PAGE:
It's every parent's dream to see their children succeed in life and sometimes that means helping them along the way. But how much help should children get? They need enough to give them a good start, but not so much that they become dependent on parents to get by.
Financial planner, Liz Koh says people with adult children will tell you that children are a lifetime financial commitment. That's because life never goes smoothly, and every now and then, for a variety of reasons, parents get called upon for a bit of help.
NOTE RE IMPLICATIONS OF GIFTING AFFECTING RESIDENTIAL CARE THRESHOLDS: Not discussed during the interview here, but of importance to parents who may be considering financial gifting to their children, are the implications for those living at, or considering moving to, residential care. Residential care residents, or those moving into residential care within the next five years, are affected by residential care subsidy thresholds. The gifting rules allow gifts of $6,500 per couple, per year, in the five years before going into care, and $27,000 per applicant per year outside that. Source: Residential Care and Disability Support Services Act 2018 and accompanying regulations.
“I think every parent really wants to help their children, we want to see them succeed, get ahead, we feel an obligation as part of our parental duty to help our children but where do you draw the line? That’s the key thing.”
Children are great at playing the guilt card, she says. “They can be quite manipulative sometimes.”
Parents quite often help out their children who are at university and relationship breakdowns are another key reason.
“Of course, the main one at the moment is housing and I think that’s something that a lot of people have been putting some thought into recently.”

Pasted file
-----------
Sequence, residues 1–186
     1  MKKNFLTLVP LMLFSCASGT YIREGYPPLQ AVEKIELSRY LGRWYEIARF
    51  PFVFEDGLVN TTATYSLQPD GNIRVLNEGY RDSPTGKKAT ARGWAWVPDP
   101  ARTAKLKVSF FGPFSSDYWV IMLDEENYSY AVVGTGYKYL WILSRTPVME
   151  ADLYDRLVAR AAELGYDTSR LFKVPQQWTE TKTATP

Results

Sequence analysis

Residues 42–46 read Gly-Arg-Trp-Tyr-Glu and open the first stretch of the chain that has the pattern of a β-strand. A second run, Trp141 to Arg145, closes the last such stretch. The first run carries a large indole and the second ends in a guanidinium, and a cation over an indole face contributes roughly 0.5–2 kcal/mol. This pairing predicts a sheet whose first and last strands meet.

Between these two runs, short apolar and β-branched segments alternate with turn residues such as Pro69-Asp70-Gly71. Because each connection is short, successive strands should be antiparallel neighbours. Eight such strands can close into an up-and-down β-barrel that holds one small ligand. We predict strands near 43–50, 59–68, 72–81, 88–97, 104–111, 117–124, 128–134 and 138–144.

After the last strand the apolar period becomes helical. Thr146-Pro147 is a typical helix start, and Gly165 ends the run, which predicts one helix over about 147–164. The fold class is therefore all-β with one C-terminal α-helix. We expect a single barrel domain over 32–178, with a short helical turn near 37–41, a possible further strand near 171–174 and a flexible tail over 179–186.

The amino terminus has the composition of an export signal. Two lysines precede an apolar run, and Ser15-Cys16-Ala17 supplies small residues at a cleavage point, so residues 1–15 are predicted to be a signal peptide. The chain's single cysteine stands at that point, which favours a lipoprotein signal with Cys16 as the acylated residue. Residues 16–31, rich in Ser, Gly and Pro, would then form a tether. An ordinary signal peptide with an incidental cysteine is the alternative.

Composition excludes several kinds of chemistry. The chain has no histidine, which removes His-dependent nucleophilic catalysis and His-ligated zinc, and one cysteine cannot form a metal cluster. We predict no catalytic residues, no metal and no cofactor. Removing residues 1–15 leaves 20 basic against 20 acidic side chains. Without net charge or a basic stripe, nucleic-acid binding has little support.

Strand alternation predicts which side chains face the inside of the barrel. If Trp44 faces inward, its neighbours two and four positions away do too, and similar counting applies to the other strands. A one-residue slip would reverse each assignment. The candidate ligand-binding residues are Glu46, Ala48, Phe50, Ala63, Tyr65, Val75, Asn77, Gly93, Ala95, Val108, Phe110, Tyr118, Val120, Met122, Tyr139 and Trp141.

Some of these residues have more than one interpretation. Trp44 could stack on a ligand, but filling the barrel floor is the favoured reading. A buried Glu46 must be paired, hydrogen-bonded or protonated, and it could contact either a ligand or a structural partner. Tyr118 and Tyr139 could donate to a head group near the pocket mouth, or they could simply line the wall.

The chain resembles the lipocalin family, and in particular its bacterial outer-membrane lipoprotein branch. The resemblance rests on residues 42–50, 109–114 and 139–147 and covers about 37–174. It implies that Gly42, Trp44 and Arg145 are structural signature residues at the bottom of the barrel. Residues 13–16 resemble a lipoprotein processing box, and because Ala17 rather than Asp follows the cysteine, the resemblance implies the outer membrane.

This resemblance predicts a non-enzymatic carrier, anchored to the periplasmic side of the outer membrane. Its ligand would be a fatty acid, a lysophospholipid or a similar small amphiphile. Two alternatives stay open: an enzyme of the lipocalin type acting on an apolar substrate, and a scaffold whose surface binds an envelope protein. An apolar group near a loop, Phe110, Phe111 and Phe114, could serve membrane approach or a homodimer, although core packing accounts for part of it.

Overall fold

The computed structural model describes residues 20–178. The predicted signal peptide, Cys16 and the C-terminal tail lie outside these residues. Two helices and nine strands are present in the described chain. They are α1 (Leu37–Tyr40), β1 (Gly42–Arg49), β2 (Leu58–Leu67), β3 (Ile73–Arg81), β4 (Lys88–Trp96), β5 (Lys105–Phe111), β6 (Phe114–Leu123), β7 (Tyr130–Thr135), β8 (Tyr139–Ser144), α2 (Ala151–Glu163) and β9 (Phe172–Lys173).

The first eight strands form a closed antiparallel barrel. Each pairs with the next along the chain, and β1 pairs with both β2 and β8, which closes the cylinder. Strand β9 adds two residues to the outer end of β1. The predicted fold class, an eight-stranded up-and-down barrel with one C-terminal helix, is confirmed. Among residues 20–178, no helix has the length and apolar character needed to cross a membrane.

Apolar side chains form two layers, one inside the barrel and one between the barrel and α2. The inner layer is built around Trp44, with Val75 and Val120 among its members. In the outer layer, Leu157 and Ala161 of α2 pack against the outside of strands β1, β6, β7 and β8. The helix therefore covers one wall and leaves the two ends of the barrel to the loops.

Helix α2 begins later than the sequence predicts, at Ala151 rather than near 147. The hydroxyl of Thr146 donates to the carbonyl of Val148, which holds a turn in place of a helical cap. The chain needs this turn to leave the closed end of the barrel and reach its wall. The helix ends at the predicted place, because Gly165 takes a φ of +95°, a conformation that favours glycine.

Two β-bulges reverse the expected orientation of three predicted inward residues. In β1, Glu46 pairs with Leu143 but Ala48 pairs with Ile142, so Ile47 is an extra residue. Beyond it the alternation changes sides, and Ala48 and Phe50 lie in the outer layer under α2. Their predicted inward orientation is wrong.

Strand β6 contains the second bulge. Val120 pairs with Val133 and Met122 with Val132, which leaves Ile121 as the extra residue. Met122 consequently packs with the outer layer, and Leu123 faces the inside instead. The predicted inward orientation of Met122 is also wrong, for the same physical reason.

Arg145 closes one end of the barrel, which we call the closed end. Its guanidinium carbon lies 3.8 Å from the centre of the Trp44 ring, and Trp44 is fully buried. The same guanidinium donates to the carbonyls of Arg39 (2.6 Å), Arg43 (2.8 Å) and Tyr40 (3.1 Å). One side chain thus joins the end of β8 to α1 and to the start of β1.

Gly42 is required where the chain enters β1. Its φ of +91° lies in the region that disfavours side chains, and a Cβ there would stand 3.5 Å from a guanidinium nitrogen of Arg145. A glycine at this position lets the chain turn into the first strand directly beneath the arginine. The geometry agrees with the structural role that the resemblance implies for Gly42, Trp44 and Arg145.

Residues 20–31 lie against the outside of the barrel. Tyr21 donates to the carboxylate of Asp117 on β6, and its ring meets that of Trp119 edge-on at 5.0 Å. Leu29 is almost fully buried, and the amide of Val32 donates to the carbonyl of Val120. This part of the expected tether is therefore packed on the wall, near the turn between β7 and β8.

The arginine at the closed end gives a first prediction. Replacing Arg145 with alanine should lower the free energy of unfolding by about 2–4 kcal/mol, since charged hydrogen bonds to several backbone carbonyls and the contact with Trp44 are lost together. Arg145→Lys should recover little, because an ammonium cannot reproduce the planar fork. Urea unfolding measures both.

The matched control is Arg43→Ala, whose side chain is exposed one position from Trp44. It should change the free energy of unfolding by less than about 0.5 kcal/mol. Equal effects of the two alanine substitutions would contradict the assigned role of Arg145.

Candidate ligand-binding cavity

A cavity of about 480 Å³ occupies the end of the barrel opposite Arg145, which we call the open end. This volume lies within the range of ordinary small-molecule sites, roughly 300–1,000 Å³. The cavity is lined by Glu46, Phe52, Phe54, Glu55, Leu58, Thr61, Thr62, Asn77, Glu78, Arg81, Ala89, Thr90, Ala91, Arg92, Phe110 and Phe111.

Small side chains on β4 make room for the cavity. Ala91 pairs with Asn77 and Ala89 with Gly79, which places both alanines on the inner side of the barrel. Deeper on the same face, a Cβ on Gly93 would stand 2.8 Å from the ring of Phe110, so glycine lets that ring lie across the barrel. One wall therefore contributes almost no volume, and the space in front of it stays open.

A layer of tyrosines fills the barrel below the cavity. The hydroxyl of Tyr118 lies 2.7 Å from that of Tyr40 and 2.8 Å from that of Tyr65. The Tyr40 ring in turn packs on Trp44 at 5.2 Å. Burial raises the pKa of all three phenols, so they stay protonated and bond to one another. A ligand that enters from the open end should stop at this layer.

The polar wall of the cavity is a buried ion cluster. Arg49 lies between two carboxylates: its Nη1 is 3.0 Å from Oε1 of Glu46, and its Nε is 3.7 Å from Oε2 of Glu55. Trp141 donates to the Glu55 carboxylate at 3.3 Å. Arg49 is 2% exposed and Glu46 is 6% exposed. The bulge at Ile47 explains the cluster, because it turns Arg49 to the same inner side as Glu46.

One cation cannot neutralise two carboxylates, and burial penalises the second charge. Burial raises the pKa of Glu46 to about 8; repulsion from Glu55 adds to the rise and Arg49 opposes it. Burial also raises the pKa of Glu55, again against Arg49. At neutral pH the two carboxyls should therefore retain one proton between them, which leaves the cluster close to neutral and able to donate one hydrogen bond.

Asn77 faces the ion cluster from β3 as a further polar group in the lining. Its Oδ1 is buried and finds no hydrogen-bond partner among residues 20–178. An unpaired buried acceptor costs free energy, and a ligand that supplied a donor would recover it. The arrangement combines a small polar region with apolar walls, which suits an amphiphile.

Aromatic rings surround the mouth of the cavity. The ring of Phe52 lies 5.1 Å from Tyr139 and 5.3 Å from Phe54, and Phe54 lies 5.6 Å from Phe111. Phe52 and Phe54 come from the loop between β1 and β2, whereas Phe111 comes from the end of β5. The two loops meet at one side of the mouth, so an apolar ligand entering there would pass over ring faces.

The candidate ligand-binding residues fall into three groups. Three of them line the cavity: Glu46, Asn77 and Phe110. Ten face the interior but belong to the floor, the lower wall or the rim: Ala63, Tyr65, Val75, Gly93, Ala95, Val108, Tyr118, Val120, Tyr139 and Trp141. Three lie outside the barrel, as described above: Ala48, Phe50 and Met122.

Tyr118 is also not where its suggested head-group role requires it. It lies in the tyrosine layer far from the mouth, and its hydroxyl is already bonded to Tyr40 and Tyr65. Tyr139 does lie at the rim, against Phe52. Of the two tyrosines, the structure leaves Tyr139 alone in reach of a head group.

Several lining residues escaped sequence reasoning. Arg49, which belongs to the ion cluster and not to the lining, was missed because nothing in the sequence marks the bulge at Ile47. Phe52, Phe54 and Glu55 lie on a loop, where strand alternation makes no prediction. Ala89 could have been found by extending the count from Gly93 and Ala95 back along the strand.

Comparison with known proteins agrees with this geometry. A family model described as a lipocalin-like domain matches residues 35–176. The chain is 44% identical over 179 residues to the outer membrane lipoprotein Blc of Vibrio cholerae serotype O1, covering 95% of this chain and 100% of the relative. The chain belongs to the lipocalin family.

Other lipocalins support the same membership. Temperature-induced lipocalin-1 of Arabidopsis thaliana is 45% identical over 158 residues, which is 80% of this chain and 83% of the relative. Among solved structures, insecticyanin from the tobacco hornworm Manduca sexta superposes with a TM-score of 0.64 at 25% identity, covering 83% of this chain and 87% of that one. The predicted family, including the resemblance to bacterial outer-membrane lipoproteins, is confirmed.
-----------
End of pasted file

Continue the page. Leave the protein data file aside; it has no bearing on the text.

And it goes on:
Less common is when children go off the rails a bit and get into drugs, gambling or alcohol, she says.
“That can be a really difficult situation because you can see your children living in absolute poverty, getting into trouble with the law.”
The number one thing, Koh says, is that you have to look after yourself first.
“If you want to be able to help your children in a sustainable way then you have to maintain your own financial sustainability. There’s no point putting yourself into poverty.”
Koh says the greatest gift you can give your children is to teach them to be accountable, responsible and to become financially independent.
“That’s your biggest job as a parent, to teach your children the skills they need to get on with life.”
Have a will, Koh says.
“Children can be nice as pie to you and each other while you’re still alive but believe me, when you pass away there’ll be all these arguments over your estate.”
Take precautions if you’re gifting large sums of money and your child is in a relationship.
“You should always get legal advice when there’s a large sum of money at stake. What some people do when they’re for example giving money for a house deposit, they’ll do it as a loan, as a documented loan so that if the relationship ends that money can be claimed back again so that half of it doesn’t walk down the road with the partner that’s disappearing.”
There’s no tax paid on gifted money.
If your child is in a lot of credit card debit, one option is to buy the debt and then come to an arrangement over repayment, but Koh says the danger is that you bail them out once and the same thing happens again.
“Banks are partly at fault here, particularly with students, what have you, they’ll encourage them to take out a credit card as part of their banking package for study.
“Nobody should ever need a credit card really,” she says.
Liz Koh is a financial planner. The discussion here is of a general nature, and does not constitute financial advice.